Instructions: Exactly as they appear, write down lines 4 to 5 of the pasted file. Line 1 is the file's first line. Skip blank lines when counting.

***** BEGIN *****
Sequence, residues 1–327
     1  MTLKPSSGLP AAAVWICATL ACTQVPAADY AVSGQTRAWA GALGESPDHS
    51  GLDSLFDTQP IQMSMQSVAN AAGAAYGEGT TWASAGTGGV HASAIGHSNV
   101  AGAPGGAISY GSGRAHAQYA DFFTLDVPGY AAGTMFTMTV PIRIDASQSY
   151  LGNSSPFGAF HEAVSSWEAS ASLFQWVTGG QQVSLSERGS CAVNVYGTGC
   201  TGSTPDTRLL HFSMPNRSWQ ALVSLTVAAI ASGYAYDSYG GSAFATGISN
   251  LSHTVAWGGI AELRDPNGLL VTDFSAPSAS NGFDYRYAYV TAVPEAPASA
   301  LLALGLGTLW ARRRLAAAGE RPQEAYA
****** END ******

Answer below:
   101  AGAPGGAISY GSGRAHAQYA DFFTLDVPGY AAGTMFTMTV PIRIDASQSY
   151  LGNSSPFGAF HEAVSSWEAS ASLFQWVTGG QQVSLSERGS CAVNVYGTGC